I don’t know if any of my readers are young people who aspire to be published writers one day, but if they are, let me point the megaphone directly at them — at you? — and give you a very specific message at max amplification: You cannot prevent the reader from interpreting what you write!!!!! Sometimes the reader (or viewer) will give you too much credit, find rhetorical or symbolic depths in your work that you never meant to put in there. I often think that the vast majority of Shakespeare criticism works in precisely that manner. Ol’ Billy-Boy was just trying to get paid, you know. He whipped his plays up carelessly, in hurried fashion, relying on whatever book happened to be in front of him at the time. There’s some evidence that a lot of the First Folio is basically a first draft. Obviously he was a genius; just as obviously, he was phoning it in half the time.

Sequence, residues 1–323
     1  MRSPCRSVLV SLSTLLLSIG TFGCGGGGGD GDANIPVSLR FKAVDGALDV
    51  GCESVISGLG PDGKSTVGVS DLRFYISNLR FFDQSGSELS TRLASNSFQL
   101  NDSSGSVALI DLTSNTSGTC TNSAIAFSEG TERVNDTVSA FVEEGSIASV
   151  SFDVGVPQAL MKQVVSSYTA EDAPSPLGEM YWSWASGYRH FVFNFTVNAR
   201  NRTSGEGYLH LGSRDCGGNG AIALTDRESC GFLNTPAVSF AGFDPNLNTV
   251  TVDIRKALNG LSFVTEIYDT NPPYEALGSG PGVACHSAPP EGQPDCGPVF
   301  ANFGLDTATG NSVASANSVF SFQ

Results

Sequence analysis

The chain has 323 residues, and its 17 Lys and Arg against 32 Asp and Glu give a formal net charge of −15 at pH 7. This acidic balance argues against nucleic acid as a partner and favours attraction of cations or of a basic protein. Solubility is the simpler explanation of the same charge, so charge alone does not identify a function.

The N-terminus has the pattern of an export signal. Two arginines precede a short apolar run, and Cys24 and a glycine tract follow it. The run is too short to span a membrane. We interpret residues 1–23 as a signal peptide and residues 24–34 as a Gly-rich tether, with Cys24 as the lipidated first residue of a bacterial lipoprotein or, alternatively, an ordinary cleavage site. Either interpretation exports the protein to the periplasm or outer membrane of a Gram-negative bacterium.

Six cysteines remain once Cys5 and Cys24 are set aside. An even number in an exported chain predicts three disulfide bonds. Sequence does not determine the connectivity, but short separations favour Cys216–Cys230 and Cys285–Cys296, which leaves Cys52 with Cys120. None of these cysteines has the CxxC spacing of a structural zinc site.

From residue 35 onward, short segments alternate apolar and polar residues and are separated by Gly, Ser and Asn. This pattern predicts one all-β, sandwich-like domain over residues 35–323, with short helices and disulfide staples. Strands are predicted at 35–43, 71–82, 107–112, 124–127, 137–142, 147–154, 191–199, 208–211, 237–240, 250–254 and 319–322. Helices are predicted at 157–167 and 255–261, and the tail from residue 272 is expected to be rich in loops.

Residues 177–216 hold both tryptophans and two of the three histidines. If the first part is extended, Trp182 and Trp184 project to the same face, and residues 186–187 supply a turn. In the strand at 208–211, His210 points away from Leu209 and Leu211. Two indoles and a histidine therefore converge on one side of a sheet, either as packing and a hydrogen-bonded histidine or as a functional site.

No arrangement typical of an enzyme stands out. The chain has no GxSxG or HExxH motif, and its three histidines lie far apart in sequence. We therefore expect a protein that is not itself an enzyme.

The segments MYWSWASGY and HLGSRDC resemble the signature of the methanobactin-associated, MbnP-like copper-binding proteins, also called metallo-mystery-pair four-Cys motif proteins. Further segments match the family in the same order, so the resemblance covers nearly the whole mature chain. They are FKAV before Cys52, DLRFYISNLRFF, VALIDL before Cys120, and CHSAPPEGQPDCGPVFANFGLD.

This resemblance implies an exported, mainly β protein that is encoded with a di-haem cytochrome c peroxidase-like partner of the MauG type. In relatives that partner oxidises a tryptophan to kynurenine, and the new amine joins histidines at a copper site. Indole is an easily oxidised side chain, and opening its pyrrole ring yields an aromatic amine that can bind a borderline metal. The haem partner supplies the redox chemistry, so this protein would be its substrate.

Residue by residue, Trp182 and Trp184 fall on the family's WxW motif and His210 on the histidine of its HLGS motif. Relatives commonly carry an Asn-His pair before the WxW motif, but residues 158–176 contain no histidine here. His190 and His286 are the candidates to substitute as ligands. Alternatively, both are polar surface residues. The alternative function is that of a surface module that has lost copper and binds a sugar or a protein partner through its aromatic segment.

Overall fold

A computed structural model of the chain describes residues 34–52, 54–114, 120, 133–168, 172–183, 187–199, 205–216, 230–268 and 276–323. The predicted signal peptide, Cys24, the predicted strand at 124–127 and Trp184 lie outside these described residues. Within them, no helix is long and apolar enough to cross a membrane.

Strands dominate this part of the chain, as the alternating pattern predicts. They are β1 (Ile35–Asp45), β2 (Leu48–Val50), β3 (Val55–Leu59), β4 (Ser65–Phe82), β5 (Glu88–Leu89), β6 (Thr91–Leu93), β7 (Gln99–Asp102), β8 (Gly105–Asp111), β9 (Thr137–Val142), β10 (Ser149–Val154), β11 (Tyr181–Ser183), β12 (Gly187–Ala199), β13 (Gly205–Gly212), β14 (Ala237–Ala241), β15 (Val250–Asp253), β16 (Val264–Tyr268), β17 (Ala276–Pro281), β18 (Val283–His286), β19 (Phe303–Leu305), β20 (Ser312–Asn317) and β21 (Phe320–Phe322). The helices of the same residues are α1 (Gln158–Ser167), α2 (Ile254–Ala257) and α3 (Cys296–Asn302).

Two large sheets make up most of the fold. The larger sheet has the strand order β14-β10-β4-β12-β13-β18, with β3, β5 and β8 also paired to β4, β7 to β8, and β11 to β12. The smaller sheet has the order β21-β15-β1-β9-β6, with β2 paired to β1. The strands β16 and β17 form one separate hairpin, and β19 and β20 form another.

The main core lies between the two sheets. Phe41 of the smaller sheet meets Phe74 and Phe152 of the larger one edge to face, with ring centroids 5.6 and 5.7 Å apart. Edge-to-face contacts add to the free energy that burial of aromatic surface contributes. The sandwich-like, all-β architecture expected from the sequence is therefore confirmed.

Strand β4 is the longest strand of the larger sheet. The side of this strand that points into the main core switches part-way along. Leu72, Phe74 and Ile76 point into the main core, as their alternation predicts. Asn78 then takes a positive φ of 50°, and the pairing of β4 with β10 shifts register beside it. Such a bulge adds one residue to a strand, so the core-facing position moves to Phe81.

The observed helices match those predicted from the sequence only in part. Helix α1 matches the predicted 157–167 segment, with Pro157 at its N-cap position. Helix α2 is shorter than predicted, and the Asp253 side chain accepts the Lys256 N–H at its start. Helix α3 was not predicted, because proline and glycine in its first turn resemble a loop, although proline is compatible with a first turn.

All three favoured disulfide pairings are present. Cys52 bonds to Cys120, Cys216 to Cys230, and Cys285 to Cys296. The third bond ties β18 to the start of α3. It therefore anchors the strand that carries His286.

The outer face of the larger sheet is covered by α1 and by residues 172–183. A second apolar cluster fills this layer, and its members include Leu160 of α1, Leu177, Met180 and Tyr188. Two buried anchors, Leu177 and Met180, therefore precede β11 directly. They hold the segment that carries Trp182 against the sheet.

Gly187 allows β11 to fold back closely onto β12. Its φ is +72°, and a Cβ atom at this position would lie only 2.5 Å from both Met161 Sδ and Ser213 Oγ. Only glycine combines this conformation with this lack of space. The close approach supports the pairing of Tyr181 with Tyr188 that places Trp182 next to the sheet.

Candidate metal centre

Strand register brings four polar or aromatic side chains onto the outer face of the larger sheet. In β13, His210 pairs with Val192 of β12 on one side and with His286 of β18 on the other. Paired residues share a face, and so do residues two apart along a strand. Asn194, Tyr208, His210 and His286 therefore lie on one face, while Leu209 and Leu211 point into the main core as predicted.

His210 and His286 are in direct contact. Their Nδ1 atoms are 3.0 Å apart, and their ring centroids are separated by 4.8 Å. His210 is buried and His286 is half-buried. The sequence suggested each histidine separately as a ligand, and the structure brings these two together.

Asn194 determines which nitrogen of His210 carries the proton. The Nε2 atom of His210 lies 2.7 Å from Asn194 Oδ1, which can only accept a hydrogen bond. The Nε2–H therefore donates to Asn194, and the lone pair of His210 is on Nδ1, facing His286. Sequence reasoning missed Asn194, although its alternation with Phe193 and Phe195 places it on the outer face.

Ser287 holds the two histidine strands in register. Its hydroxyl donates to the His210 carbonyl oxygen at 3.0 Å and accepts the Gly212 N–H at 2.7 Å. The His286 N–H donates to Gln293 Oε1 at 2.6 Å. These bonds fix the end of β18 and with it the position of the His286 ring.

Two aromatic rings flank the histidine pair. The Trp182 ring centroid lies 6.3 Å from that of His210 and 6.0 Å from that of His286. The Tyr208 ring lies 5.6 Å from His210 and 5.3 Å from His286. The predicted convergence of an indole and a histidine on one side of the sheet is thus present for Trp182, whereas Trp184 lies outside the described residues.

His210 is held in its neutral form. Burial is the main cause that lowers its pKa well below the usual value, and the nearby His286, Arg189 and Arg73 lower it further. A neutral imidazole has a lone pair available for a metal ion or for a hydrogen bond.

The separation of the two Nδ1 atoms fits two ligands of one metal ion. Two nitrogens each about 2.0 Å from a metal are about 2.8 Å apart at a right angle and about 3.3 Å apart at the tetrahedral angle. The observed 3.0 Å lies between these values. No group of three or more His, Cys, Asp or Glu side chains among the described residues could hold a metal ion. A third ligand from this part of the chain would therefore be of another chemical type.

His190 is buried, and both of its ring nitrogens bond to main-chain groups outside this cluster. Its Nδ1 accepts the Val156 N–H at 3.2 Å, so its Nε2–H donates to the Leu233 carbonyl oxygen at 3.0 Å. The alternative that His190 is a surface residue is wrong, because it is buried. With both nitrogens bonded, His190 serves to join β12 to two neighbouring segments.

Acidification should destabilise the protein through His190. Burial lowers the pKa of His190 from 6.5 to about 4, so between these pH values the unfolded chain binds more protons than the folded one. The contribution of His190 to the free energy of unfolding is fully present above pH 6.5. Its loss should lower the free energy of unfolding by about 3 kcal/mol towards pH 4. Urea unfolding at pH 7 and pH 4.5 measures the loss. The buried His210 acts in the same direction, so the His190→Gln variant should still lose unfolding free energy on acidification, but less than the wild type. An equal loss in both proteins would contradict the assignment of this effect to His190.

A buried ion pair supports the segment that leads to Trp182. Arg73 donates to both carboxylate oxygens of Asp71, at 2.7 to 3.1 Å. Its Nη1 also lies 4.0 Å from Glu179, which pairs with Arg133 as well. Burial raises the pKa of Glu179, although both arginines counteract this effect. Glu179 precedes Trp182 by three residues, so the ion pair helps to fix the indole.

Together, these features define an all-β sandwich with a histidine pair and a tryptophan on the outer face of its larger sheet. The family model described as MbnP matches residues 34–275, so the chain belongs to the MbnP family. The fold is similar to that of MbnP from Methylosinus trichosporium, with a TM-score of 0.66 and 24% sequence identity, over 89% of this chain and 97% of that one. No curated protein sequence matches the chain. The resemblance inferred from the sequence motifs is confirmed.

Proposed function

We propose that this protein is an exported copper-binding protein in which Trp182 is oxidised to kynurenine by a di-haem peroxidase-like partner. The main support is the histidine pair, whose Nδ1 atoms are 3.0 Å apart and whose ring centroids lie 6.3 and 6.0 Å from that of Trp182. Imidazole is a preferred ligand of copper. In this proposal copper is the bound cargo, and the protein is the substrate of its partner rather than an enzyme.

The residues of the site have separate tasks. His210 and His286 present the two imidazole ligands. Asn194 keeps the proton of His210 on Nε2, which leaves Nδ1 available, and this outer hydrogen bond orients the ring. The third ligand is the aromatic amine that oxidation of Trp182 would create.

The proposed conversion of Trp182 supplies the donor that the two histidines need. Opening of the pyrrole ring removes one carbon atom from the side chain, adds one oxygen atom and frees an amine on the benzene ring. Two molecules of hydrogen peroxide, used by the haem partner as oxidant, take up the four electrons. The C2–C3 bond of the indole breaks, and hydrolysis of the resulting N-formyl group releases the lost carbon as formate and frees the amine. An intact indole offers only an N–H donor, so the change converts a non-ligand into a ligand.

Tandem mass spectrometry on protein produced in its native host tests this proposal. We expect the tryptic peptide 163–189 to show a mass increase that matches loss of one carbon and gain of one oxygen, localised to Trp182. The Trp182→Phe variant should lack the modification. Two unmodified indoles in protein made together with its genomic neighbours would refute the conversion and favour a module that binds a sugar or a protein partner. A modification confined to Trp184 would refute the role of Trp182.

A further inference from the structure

More often, however, the reader will obsess or fixate on a tiny piece of what you’ve written to the exclusion of the rest. This was the case with today’s piece on unequal enforcement. About twenty percent of the text deals with illegal/undocumented/whatever immigrants and their tendency to operate vehicles without the appropriate insurance. In doing so, I stepped on the third rail of the left-wing immigration fetish, so the bulk of the comments are about that twenty percent of the piece.
A few of the readers took me to task for not providing a more thorough overview of the immigration issue. A few others were disappointed that I’d resorted to what they felt were quick-and-dirty characterizations. The problem for me is that I completely agree with them even as I could not disagree more.